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Last chance to grab shares in Gear4music plc under £7?

Back in December, I focused on three small caps that I believed were set to explode in 2017. Although all have done well so far, one of these — AIM-listed online musical instrument retailer Gear4music (LSE: G4M) — has been the standout performer, rising 43% in just over two months.

Taking into account today’s year-end trading update, I suspect investors will need to move quick if they are to capitalise on this remarkable growth play.

Let’s look at the numbers first.

Sales rise…

For the 12 months to the end of February, UK sales at the York-based company grew by 34% (to £34.9m). While impressive in itself, this figure pales in comparison to sales from Europe and the Rest of the World which saw a massive 124% increase to £21.3m. Particularly noteworthy is the 186% rise in sales in Scandinavia between November and February following the opening of the company’s first European distribution centre in Sweden.

In all, total like-for-like sales for the full year at Gear4music rose to just over £56m — a 58% increase on the previous year. With active customer numbers also rocketing by 49% to just under 340,000, it’s hard to deny that the business is making huge strides in growing its name in the highly fragmented market in which it operates.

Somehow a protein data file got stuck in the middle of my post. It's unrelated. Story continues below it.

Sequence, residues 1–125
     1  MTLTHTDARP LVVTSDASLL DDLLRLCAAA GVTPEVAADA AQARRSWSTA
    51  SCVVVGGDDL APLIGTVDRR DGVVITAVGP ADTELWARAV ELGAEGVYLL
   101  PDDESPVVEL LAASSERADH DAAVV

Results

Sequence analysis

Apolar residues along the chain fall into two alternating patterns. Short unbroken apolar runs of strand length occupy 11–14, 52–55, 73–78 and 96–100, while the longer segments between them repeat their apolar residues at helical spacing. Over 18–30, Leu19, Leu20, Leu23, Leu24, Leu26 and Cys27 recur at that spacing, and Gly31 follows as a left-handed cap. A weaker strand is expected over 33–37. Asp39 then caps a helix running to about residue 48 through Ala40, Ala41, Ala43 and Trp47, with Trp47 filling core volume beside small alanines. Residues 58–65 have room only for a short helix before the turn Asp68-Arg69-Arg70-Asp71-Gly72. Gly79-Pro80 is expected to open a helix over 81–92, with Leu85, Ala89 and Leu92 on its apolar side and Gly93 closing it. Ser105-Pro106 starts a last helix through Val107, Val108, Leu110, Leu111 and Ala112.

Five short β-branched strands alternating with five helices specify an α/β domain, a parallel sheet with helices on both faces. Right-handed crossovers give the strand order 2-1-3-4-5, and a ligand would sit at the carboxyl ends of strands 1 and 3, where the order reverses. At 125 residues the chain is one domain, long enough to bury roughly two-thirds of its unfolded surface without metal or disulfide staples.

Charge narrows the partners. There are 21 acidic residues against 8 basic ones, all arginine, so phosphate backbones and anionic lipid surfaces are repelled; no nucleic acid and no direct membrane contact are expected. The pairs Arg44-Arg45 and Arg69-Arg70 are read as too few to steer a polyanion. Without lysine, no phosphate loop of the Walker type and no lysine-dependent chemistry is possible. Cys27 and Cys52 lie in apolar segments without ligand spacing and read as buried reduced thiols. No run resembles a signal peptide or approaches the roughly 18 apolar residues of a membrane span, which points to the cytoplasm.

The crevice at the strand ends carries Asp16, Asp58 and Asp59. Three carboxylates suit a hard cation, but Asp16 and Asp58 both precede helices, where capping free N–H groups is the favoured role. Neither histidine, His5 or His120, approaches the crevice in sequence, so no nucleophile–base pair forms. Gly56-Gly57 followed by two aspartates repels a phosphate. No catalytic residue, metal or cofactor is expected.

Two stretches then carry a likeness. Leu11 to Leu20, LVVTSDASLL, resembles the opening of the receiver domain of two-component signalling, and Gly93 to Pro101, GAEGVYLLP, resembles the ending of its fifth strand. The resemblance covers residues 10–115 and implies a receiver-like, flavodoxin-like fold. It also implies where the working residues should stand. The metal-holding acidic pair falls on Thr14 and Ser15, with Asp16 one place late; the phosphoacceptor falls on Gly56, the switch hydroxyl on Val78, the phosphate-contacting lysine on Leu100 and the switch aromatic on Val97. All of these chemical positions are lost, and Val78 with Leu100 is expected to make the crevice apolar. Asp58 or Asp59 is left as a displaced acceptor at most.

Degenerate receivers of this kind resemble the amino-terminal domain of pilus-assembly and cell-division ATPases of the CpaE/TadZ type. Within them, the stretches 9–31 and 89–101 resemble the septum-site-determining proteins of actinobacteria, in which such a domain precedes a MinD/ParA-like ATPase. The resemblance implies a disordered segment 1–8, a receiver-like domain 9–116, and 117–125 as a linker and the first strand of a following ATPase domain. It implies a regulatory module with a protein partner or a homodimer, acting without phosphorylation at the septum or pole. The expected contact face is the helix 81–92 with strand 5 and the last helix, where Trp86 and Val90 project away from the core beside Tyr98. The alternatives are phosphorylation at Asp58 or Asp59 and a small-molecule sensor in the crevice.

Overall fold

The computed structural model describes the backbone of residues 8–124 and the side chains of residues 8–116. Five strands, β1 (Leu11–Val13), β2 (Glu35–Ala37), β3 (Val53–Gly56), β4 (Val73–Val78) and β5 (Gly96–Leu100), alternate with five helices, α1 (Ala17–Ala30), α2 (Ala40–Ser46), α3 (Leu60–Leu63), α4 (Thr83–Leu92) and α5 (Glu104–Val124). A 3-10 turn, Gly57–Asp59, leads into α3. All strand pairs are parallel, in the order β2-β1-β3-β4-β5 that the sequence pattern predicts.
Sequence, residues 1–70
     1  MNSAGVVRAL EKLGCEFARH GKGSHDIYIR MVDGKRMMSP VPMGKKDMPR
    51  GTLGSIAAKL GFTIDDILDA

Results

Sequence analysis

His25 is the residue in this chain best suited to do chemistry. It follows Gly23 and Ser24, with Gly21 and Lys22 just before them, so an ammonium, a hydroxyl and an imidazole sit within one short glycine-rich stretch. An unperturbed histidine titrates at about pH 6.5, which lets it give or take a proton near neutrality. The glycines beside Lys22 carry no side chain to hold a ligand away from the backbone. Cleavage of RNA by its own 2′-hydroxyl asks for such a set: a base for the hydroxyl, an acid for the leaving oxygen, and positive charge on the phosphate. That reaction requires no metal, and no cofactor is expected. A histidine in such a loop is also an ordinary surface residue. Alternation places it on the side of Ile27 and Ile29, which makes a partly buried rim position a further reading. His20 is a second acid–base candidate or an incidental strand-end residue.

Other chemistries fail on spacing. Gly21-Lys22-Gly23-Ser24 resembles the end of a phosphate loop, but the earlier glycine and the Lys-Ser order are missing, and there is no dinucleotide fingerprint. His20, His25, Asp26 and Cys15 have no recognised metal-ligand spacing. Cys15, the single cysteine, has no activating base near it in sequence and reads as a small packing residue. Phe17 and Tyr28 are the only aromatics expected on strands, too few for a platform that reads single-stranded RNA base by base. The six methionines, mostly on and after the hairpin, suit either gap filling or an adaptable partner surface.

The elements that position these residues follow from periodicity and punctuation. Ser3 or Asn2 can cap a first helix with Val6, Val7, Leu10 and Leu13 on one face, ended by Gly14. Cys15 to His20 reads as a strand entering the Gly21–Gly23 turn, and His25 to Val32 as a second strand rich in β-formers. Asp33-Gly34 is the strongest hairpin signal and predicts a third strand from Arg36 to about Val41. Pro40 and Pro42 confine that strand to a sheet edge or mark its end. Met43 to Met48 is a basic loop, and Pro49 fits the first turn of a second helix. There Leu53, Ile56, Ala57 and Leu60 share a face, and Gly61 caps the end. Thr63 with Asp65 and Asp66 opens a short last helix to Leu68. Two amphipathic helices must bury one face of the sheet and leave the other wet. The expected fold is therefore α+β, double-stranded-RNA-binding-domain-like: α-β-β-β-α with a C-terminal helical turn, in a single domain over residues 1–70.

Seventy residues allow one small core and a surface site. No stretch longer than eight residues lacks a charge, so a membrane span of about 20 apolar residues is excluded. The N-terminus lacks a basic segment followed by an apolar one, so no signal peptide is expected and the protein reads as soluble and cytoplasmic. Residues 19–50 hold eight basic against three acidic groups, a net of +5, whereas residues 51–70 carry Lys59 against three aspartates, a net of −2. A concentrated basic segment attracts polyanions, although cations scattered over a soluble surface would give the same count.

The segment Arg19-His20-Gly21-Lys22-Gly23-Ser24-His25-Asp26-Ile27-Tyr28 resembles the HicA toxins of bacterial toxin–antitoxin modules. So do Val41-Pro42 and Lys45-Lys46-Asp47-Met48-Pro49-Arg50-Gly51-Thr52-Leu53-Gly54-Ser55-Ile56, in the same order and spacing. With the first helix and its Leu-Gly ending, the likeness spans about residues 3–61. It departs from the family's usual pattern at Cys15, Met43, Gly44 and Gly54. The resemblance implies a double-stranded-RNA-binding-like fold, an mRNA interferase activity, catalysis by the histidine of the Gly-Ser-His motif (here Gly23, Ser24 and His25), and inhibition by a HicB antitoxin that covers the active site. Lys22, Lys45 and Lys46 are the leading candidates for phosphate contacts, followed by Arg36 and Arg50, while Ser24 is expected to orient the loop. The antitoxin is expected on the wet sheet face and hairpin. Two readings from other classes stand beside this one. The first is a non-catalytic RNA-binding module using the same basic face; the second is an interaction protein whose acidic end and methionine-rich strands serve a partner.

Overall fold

Founder and CEO, Andrew Wass was understandably buoyant in today’s update, commenting that the sales growth witnessed was “well ahead” of the board’s expectations at the start of the year. He restated the company’s long-term growth strategy to continue investing in its “people, products websites and operational capabilities“. Wass also declared the board’s confidence in delivering profits for the year “marginally ahead” of its increased expectations in January. 

…while shares dip

Gear4music’s share price was over 4% lower in early trading, suggesting that some investors were keen to take profits. I can’t blame them. With the company’s stock ascending almost sevenfold since hitting a low of just 99.5p during the aftermath of the EU referendum vote, this makes a lot of sense in terms of risk management. Personally, I won’t be joining them just yet.

While the UK sales figures were impressive (and should continue to grow given the company’s relative lack of fixed costs and highly competitive pricing), it’s the company’s massive potential in Europe that lead me to remain bullish on the shares. Assuming its second and newly operational distribution centre in Germany can replicate the success seen in Scandinavia, Gear4music’s presence in the estimated £4bn European market can only get larger.

Longer term, who’s to say where things might end up. I don’t think it is completely unrealistic to suggest that the company — like high growth peer, Boohoo.Com — could turn its attention to the US. I’ll be on the look out for clues on the company’s medium term intentions when its releases its full-year report to the market in May.

A stock trading around 60 times forecast earnings for 2018 should send shivers down the spines of most investors but this metric is of arguably less importance when attempting to value a growing company like Gear4music. Moreover, the fact that only 58% of shares in the company are available to investors means that further good news could act as a catalyst for large share price gains.

Given the above, I feel it’s only a matter of time before Gear4music’s stock breaks through the £7 barrier.

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Paul Summers owns shares in Gear4music. The Motley Fool UK has no position in any of the shares mentioned. We Fools don't all hold the same opinions, but we all believe that considering a diverse range of insights makes us better investors.